This trope is about profanity. Swearing. Cursing. Cussing
. Using bad language. Using bad words. Using foul language. Except, in this case, the creator uses (or introduces) words and phrases that might be profane within the context of the work, but really aren't very profane at all in the real world
Many examples of Fantastic Profanity
are analogues for real-world swear words, but are used as substitutes because the Moral Guardians
wouldn't approve of such language. Using a made-up word or a normally innocuous phrase allows the characters to swear without having to use any actual profanity.
A form of Unusual Euphemism
. Supertrope of Oh My Gods!
and Pardon My Klingon
- In Larry Niven's Ringworld, people use "Tanj!" instead of "Damn!". Tanj is actually an English language acronymn for "There Ain't No Justice".
- Jim Butcher's Codex Alera: "Crows and bloody furies!"
- Jim Butcher again: The Dresden Files has Thomas swearing "empty night," among others. Interestingly, Harry's most fondly-used exclamations, "Hell's Bells" and "Stars and Stones," are real, though rarely used these days.
- October Daye and the fae swear by Ash and Oak, and occasionally stick human profanity in with those as well.
- There's a wizard in a Terry Goodkind book who swears, "Bags!"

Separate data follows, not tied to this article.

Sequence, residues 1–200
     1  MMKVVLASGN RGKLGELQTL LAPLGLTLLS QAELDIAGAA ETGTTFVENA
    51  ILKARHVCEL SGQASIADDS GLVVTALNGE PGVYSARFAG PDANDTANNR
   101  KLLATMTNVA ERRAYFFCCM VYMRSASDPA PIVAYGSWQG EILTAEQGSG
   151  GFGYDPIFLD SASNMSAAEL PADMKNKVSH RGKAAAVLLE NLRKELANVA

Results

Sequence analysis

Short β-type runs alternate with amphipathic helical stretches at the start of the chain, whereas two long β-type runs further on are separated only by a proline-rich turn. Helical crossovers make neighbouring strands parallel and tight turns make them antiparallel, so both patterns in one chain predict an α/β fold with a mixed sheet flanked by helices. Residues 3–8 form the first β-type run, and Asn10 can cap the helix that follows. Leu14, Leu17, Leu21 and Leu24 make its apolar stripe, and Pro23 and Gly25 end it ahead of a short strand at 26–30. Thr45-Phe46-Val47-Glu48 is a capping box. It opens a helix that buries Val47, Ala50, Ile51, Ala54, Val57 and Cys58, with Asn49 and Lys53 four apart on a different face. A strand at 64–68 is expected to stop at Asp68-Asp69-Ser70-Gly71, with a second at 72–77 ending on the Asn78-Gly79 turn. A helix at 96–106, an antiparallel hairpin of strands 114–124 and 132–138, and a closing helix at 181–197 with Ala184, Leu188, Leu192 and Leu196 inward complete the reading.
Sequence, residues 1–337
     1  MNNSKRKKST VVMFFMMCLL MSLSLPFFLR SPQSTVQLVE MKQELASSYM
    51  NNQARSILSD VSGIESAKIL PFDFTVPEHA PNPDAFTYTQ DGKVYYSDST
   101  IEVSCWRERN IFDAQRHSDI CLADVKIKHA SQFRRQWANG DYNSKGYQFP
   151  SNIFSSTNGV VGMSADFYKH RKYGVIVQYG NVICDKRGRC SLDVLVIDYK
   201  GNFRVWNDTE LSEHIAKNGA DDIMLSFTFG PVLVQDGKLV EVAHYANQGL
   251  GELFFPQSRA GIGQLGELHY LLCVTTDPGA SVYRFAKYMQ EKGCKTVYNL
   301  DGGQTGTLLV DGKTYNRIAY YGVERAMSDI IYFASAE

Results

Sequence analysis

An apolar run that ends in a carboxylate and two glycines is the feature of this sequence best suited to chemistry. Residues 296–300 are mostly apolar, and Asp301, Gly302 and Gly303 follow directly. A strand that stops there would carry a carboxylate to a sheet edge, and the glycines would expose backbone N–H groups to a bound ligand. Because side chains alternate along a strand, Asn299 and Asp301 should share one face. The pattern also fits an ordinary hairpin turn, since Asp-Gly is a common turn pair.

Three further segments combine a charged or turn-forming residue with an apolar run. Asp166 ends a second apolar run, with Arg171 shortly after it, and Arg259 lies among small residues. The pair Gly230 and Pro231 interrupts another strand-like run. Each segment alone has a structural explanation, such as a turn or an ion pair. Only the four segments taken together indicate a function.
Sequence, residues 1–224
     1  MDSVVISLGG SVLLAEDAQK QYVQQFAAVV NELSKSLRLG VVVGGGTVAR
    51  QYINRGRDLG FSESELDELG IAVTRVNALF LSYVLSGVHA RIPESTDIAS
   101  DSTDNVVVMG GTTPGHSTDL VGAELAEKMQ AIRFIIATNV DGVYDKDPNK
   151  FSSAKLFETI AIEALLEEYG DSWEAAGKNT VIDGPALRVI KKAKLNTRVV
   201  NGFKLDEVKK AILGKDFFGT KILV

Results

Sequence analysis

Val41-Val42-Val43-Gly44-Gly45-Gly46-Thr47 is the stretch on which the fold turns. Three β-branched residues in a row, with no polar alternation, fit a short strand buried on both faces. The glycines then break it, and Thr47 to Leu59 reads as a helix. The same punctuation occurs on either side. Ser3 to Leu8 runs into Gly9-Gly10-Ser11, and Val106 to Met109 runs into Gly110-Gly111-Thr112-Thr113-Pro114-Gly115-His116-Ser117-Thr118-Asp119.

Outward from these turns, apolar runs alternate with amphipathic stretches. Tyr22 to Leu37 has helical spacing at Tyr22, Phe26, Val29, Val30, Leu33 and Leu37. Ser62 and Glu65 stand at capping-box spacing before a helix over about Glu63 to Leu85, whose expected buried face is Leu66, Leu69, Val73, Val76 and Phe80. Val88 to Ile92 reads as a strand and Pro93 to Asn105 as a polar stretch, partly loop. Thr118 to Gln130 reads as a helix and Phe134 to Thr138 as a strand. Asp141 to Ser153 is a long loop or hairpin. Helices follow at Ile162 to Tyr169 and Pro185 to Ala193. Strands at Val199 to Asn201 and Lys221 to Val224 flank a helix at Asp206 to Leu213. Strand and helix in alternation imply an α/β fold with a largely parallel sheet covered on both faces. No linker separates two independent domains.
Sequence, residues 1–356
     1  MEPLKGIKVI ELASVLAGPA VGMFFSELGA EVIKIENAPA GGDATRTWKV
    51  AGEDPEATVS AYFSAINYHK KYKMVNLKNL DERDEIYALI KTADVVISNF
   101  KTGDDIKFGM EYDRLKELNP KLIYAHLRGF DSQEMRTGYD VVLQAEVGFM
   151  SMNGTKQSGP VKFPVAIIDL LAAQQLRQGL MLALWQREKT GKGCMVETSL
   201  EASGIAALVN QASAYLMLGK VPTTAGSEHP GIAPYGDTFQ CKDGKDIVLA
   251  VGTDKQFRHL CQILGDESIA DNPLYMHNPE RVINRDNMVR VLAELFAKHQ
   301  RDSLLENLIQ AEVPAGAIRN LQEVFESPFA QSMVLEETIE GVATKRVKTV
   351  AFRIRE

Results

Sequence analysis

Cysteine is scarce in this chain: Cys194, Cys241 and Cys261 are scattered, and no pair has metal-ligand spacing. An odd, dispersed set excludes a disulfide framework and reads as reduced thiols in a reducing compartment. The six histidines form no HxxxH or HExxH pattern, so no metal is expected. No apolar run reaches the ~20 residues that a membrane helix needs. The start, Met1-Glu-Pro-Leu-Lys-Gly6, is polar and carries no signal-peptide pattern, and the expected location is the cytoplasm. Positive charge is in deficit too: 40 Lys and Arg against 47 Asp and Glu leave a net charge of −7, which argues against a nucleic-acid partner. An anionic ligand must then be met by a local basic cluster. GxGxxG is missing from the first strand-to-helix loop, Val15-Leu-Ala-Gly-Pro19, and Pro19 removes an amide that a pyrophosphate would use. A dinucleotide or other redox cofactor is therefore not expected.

- And then there's the swearing the Legion of Super-Heroes uses, which varies by the decade and Depending on the Writer.
- Brandon Sanderson is rather fond of this:
- In Harry Potter, among the Wizarding world, "Merlin" and his various personal effects (such as "Merlin's baggy pants") are used in much the same way that "God" is in real life.
- Dragonriders of Pern: "Shards!" and "By the first egg!" are both swears, reflecting the importance of the dragons (and the eggs from which they hatch) to the survival of the residents of Pern.
- In the 1960's live action Batman, Robin had a habit of making up his own swears at least Once an Episode, most of which are listed here. Holy Smokes, Batman! That's a lot of phrases!
- In the 2004 remake of Battlestar Galactica and 2009 prequel Caprica, 'Frak' is used extensively as a PG-13 workaround.